Emerging Action Research Traditions: Rigor in Practice

Emerging Action Research Traditions: Rigor in Practice

Karen E. Watkins (College of Education, The University of Georgia, Athens, GA, USA), Aliki Nicolaides (College of Education, The University of Georgia, Athens, GA, USA) and Victoria J. Marsick (Teachers College, Columbia University, New York City, NY, USA)
DOI: 10.4018/IJAVET.2016070107
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Abstract

The authors argue here that contemporary use of action research shares the exploratory, inductive nature of many qualitative research approaches—no matter the type of data collected—because the type of research problems studied are set in complex, dynamic, rapidly changing contexts and because action research is undertaken to support social and organizational change that requires buy-in from many stakeholders affected by the research problem. Action research serves as a critique and alternative to more traditional views of social science. In this article, the authors first describe action research as defined by Kurt Lewin, its originator. They show how two variants of action research—Action Science and Collaborative Developmental Action Inquiry—advance insight into how action research can be used to develop personal capability to address system changes that action research seeks to unveil. By using the example of an innovative action research approach to doctoral research, the authors illustrate the context-rich, exploratory nature of action research that both generates knowledge for and in change, and developmentally engages collaborating researchers and participants. They conclude with reflections on criteria for rigor and relevance in action research in today's post-modern, complex world.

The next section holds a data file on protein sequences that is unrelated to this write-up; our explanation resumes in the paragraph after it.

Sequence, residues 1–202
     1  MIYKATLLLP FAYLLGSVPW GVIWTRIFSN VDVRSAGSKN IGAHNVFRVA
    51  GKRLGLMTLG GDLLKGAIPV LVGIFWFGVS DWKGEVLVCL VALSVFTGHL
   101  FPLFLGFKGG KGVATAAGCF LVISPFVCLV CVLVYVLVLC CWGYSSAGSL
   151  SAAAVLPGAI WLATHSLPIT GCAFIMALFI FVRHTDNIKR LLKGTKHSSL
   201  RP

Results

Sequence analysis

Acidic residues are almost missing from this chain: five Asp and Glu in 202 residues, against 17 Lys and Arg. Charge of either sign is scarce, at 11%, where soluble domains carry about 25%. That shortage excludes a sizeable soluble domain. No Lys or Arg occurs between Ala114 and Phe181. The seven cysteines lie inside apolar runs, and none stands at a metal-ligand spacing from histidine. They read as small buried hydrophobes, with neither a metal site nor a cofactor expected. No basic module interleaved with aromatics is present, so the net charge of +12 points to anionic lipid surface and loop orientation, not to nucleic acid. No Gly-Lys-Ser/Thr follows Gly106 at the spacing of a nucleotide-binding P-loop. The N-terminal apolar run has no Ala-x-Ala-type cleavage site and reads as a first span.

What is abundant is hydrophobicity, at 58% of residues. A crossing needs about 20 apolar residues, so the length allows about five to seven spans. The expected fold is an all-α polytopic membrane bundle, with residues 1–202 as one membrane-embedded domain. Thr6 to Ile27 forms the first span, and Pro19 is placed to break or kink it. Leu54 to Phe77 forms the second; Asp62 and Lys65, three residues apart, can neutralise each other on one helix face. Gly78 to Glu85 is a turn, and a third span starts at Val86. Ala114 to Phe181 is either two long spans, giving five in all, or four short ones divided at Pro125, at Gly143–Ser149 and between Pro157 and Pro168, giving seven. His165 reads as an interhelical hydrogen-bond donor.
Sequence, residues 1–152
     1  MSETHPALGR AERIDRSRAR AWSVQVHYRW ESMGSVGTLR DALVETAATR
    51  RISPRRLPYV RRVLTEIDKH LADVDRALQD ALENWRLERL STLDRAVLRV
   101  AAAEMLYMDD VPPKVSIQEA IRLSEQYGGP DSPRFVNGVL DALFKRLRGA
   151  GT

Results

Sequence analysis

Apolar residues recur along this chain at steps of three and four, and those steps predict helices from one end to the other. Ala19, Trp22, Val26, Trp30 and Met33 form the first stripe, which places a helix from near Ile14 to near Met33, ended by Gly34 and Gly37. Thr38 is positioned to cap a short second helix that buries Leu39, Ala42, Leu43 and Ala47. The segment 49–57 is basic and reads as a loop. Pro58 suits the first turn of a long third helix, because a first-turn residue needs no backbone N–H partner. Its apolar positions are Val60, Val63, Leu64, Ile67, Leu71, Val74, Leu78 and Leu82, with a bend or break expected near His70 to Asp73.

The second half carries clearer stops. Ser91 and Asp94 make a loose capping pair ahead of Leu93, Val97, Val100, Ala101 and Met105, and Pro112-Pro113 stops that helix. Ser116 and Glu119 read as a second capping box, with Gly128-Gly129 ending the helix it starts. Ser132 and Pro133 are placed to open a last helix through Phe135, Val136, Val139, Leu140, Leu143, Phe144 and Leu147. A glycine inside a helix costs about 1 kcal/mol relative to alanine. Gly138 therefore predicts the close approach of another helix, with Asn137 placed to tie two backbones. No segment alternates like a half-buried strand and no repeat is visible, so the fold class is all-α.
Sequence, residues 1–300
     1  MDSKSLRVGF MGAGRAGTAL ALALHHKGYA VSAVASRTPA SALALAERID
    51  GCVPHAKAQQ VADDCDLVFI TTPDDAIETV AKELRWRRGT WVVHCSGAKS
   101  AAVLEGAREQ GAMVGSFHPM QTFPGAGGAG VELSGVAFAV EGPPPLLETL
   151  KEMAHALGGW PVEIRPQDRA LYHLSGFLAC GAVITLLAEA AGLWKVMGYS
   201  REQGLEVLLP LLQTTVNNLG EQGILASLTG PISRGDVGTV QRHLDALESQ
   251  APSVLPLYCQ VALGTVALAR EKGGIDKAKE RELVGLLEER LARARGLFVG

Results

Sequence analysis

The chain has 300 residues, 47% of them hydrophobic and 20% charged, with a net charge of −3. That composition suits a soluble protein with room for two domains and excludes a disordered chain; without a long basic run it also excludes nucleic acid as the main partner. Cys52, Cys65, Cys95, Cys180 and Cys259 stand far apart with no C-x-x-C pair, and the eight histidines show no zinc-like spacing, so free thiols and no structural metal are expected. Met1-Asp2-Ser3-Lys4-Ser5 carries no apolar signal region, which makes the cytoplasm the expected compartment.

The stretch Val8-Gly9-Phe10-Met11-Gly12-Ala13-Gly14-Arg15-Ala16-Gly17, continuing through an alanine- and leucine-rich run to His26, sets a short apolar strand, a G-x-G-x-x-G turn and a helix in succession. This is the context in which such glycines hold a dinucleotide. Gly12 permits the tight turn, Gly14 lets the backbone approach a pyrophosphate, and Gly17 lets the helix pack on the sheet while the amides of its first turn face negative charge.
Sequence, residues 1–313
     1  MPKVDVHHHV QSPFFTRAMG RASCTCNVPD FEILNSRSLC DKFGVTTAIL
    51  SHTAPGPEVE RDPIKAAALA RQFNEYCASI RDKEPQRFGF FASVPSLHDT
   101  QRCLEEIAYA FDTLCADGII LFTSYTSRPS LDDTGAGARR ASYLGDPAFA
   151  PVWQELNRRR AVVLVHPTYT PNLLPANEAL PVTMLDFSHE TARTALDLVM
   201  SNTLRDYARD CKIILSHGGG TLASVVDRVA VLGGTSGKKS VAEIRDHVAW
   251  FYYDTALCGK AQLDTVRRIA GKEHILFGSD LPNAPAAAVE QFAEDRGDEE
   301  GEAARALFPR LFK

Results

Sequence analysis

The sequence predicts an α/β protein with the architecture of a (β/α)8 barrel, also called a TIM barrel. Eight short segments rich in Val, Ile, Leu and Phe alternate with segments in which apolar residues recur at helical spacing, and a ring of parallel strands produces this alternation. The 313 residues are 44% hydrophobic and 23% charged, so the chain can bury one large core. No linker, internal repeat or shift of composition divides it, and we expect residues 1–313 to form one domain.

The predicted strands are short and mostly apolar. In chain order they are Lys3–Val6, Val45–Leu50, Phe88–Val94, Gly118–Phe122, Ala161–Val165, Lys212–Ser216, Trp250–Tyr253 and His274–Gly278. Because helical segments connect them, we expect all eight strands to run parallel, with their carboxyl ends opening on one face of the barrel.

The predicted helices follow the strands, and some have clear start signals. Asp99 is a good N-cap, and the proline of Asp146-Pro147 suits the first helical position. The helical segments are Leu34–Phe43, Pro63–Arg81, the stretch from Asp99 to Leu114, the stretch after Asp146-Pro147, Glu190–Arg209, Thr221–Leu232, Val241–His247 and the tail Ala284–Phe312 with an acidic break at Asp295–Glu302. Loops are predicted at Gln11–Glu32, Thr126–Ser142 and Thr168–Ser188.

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Introduction

This paper explores the initial framing of action research as a much needed alternative research approach in the social sciences within a positivist research tradition, and then offers emerging variations both in organizational practice and in a doctoral program to demonstrate how action research has evolved. With this evolution, new criteria for rigor are needed. This article offers a new perspective on validity in action research.

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